The Leukemia & Lymphoma Society (LLS) welcomed the recent approval of Venclexta (venetoclax) to treat people with a severe form of chronic lymphocytic leukemia (CLL). The drug, whose development and testing the LLS supported, was approved by the U.S. Food and Drug Administration (FDA) on April 11 for CLL patients with 17p deletion, an abnormality in chromosome 17, who have failed to respond to at least one other therapy.
An estimated 126,000 or more people in the U.S. have been diagnosed with CLL, a typically slow-progressing blood cancer that begins in the bone marrow. Among those unresponsive to treatment or who have relapsed, some 30 percent have 17p deletion.
Venclexta is an oral medicine that targets the B-cell lymphoma 2 (BCL-2) protein, which is known to support cancer cell growth and is frequently overexpressed in CLL patients. The FDA approval was based in part on positive data from the Phase 2 clinical trial of the drug, with results published in The New England Journal of Medicine in the article, “Targeting BCL2 with Venetoclax in Relapsed Chronic Lymphocytic Leukemia.”
Through its Specialized Center of Research (SCOR) grant program, the LLS has given over $15 million to research leading to the drug’s development since 2002. The research team was led by Jerry Adams, PhD, from the Walter and Eliza Hall Institute on Medical Research in Melbourne, Australia.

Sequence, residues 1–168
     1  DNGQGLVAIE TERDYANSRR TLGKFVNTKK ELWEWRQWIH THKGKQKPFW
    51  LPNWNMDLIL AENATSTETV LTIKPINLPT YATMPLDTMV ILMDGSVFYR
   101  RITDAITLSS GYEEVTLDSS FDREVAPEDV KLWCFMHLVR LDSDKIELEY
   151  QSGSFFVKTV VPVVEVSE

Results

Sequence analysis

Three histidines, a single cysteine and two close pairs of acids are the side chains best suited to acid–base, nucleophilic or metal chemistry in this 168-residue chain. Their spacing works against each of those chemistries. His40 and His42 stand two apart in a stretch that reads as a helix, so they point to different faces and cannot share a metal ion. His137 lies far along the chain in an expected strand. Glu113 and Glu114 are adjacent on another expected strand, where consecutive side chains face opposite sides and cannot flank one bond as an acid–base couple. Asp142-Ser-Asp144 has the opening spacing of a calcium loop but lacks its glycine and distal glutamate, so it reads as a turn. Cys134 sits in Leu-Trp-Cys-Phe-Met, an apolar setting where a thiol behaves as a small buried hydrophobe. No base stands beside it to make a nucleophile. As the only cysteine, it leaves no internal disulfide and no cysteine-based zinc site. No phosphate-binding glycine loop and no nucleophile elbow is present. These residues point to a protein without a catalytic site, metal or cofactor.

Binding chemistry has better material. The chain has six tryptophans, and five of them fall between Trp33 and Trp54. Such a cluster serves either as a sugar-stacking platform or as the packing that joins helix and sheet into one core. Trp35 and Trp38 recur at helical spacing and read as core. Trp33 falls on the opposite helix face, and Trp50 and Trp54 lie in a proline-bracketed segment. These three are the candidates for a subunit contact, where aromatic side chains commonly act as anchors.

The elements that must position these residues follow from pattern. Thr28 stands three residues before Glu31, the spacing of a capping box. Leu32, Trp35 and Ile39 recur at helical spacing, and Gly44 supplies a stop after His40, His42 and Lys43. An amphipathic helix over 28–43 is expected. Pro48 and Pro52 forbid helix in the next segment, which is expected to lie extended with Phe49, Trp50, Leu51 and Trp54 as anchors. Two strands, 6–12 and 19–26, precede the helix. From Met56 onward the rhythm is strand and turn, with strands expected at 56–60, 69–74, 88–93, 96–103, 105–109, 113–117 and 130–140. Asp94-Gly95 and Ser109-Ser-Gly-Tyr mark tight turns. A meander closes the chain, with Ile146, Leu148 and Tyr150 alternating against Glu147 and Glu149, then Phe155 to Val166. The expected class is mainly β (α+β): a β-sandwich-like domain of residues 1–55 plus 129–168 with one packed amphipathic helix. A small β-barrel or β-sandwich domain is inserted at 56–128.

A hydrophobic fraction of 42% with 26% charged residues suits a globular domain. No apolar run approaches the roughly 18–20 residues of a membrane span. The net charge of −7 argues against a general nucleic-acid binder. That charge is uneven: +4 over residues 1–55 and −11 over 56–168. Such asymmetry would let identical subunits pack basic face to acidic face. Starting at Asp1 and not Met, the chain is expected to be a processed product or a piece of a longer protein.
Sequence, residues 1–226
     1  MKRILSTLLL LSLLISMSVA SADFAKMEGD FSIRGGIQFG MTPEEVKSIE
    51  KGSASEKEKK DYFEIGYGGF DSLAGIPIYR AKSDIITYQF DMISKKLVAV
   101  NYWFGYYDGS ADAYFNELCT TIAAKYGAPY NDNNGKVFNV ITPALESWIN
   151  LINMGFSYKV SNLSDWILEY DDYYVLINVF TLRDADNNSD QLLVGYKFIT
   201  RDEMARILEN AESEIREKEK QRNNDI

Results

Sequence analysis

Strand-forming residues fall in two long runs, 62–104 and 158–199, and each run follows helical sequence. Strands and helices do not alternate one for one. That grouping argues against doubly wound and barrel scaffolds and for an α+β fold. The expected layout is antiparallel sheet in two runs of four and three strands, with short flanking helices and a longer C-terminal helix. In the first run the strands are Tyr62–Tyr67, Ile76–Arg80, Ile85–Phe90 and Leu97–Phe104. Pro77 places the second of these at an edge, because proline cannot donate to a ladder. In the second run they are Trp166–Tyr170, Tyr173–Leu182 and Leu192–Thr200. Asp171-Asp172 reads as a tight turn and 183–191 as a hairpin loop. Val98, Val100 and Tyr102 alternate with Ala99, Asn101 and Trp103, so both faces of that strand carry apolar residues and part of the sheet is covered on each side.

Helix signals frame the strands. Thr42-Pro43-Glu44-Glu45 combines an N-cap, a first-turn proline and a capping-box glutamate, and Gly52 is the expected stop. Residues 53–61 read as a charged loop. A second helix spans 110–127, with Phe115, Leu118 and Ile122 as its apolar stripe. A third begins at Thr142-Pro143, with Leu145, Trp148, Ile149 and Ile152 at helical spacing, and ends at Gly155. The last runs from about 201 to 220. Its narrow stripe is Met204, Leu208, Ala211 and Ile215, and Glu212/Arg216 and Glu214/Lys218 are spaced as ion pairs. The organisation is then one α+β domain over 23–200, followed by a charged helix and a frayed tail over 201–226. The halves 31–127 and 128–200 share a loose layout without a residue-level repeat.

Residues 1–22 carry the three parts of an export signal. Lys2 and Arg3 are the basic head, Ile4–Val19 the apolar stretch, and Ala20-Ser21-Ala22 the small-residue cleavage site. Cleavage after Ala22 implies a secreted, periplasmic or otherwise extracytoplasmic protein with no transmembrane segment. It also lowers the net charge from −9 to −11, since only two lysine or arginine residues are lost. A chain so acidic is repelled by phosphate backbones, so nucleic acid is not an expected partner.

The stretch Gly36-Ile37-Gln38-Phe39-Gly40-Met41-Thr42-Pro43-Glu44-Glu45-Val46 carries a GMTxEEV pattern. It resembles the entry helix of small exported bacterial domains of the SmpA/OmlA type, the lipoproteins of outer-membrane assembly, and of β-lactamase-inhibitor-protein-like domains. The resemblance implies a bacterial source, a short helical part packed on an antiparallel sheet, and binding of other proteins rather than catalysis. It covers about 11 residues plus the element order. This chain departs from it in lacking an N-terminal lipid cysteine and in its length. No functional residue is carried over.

“We are very gratified that research we have long supported is yielding a new treatment for patients with CLL,” Louis J. DeGennaro, president and chief executive officer of LLS, said in a press release. “Our experience and investment in the blood cancers allows us to think big and boldly about new therapies. We are also presently supporting research investigating venetoclax as a therapy for patients with acute lymphoblastic leukemia (ALL) and mantle cell lymphoma (MCL).”
The LLS is also funding ongoing research into the effectiveness of venetoclax in inhibiting BCL-2 in acute myeloid leukemia (AML) patients, led by Anthony Letai, MD, PhD, at the Dana-Farber Cancer Institute. The work has shown encouraging results, the society said in the release, and Dr. Letai’s is also developing ways of predicting which tumors may be sensitive to venetoclax. The FDA granted Breakthrough Therapy Designation to venetoclax, in combination with other therapies, as an investigative drug for untreated AML patients not eligible for standard care (high-dose chemotherapy).
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